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The high establishment costs of Miscanthus by clonal propagation are a barrier to widespread deployment. Direct sowing is the cheapest method, but limited field trials have given generally poor results. Miscanthus, a perennial grass with C4 photosynthesis has tropical origins, but is found growing both at high latitudes (>40°) and altitudes (>1000 m) in Asia. In this paper, we investigate if significant variation in the thermal requirements for germination exist in 10 Miscanthus sinensis half-sib families and compare these with Panicum virgatum (Switchgrass – Trailblazer), Phalaris arundinaceae (Reed canary grass – P10) and Lolium perenne (perennial ryegrass cv AberDart) and maize (Zea mays cv Aviso). The comparisons were made on a thermal gradient bar with a controlled temperature oscillating ± 5 °C on a 12 h cycle and germination was monitored daily for 35 days at mean temperatures ranging from 5.3 to 26.5 °C. Base temperatures were calculated below which germination of at least 50% of viable seeds ceased. Base temperatures were lowest for L. perenne and Zea mays at 3.4 and 4.5 °C respectively; for different Miscanthus half-sib families base temperatures ranged between 9.7 and 11.6 °C and these were higher than maize and switchgrass which share C4 photosynthesis with Miscanthus. Parameters derived from germination and temperature were used to predict germination patterns in Europe based on historical climate data. We predict that seed establishment of Miscanthus in spring time is unlikely to be viable in Northern Europe under present climatic conditions without crop management practices aimed at raising soil temperature, and that useful variation in thermal requirement for germination in Miscanthus is available which should facilitate seed germination in other regions.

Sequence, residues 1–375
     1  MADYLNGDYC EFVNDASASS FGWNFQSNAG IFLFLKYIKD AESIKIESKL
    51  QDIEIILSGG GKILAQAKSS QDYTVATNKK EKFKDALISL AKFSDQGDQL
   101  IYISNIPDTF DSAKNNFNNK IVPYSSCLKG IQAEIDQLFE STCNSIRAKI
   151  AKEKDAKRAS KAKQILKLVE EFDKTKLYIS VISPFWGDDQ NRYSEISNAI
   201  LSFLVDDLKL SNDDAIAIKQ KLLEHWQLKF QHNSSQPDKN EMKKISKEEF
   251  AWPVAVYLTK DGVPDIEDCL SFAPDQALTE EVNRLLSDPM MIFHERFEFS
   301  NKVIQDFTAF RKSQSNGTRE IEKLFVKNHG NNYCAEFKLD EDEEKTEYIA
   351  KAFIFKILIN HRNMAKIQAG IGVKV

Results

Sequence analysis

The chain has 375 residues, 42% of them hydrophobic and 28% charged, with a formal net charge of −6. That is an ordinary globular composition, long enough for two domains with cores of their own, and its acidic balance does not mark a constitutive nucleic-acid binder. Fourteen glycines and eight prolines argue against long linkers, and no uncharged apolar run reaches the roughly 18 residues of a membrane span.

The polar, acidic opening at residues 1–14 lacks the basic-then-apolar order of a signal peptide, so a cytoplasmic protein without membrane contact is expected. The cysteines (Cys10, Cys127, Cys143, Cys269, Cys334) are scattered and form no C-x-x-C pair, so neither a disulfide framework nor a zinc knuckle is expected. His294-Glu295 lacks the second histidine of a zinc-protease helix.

|Number of pages||12|
|Early online date||09 Feb 2011|
|Publication status||Published - Oct 2011|
- seed propagation
FingerprintDive into the research topics of 'Thermal requirements for seed germination in Miscanthus compared with Switchgrass (Panicum virgatum), Reed canary grass (Phalaris arundinaceae), Maize (Zea mays) and perennial ryegrass (Lolium perenne)'. Together they form a unique fingerprint.
- 1 Finished
Molecular Genetics of Miscanthus
Donnison, I. & Clifton-Brown, J.
Biotechnology and Biological Sciences Research Council
01 Apr 2008 → 31 Mar 2012
Project: Externally funded research